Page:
Soldiering on

Some support for those going it alone in the defence of Israel

By Ilan Preskovsky

It’s hard to think of a more Israeli concept than that of the lone soldier: someone who comes from another country to serve their Homeland in the Israeli Defence Force and, as such, do not have any immediate family living in the country. These visiting volunteers or new immigrants have to deal with all that naturalised Israeli soldiers have to face in the military – not least of which being the immense psychological and emotional toll of potentially seeing battle – but with the added complication of not having the direct support of their family to get them through the tougher times.

Israeli society and its government have long recognised the tremendous sacrifices that lone soldiers make by fighting for a country that they have only recently immigrated to or in which they have no familial roots – let alone those brave few who haven’t made Aliyah, but have temporarily left their homes to fight for their Homeland. The government and the IDF itself, therefore, provides all sorts of benefits and support to lone soldiers, but it’s private organisations that offer the sort of personal touch that can be lost in even the most well-meaning governmental programmes.

There is no greater example of this than the Lone Soldier Center, which was specifically set up to “assist lone soldiers before, during, and after their army service”. Established in 2009 in memory of Michael Levin, z”l, a fallen lone soldier who lost his life during the Second Lebanon War, the Lone Soldier Center was created by a group of former lone soldiers who wanted to honour their friend by creating something that would be a source of the kind of comfort, warmth, and homeliness that a family would normally provide (as well as plenty of more practical assistance) to those whose families are, at best, thousands of miles away.

The Lone Soldier Center is a non-profit organisation with branches in both Jerusalem and Tel Aviv that is run by a small professional staff and hundreds of volunteers – almost all of whom are former lone soldiers themselves – who take a multi-pronged approach to their overall mission of helping lone soldiers.

On the more practical front, the Lone Soldier Center starts early with education and a pre-army training camp (mechina) for lone soldiers to catch them up, so to speak, to their Israeli counterparts who have been preparing for their IDF or national service from an early age. This includes: physical training, as well as courses on how the Israeli military works; a crash-course in Hebrew with an emphasis on terms they will encounter most during their service; and a more general understanding of how Israeli society works.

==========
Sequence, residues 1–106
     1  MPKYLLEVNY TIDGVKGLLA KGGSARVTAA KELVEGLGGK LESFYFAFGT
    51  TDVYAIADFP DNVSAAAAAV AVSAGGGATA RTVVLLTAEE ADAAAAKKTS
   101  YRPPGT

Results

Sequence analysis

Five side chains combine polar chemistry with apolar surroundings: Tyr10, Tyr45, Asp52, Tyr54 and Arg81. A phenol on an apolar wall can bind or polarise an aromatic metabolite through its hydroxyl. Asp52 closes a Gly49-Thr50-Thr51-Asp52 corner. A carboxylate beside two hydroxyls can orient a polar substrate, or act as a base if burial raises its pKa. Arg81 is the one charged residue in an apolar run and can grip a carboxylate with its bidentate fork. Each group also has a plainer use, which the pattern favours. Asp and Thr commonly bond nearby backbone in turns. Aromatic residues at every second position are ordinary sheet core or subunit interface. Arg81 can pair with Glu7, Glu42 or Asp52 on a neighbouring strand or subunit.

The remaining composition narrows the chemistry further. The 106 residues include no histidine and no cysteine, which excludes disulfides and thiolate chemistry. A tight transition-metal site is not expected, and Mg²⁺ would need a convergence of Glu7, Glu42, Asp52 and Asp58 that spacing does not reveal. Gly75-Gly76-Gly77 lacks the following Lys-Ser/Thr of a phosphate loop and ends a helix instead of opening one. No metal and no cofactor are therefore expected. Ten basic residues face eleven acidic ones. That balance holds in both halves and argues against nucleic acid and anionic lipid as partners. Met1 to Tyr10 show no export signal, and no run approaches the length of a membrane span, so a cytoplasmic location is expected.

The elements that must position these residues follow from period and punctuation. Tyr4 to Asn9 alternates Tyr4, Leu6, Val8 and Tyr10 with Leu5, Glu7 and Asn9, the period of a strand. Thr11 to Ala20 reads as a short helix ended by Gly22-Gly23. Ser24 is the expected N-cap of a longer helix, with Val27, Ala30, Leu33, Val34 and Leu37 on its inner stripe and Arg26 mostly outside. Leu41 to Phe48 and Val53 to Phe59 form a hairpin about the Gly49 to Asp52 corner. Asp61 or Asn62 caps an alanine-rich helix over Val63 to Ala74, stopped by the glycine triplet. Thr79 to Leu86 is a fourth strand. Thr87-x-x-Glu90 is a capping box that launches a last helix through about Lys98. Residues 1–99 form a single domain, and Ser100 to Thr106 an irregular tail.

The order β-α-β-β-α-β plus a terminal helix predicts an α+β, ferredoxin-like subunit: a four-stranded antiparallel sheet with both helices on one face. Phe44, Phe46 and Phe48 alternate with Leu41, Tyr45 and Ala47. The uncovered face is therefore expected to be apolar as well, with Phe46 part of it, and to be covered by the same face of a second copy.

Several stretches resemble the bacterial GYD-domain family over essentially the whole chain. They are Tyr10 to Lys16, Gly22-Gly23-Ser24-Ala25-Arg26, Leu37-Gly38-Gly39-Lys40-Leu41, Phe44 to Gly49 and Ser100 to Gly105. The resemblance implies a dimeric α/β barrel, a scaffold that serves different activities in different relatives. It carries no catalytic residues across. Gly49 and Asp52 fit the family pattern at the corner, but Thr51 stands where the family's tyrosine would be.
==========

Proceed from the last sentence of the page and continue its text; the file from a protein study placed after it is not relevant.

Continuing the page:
During their service, the Center helps lone soldiers by providing them with all their basic needs, both on-base and off (generously donated by members of the greater community), hosting Shabbos and Yom Tov meals, and even providing housing in good, friendly neighbourhoods. For any lone soldiers unfortunate enough to get injured during their service, they also offer assistance wherever they can, including helping pay for a ticket to return home if the need arises.

More than just helping in practical matters, though, the Center also offers tremendous levels of emotional and psychological support to their lone soldiers. Along with providing professional counselling to those who need it, they offer programmes such as communal dinners and social events, while their Jerusalem and Tel Aviv offices also act as central meeting points where lone soldiers can, along with getting food or doing their laundry, socialise with other lone soldiers. The social aspects of the programmes and services offered by the Lone Soldier Center are so effective that a number of marriages have resulted from it. The Center also boosts the morale of lone soldiers by visiting bases and attending their various ceremonies.

And, things don’t end when the soldiers complete their term of service, as the Lone Soldier Center continues to offer services to recently “released” lone soldiers, but with the added focus of helping those who will be remaining in Israel (and recent studies have shown that the vast majority of lone soldiers do exactly that) integrate into Israeli society and prepare them for university and/or the working world.

And, of course, many, many of the lone soldiers they helped “pay it forward” by later returning to the Center as volunteers themselves. It’s not exactly hard to see where their sense of gratitude comes from.

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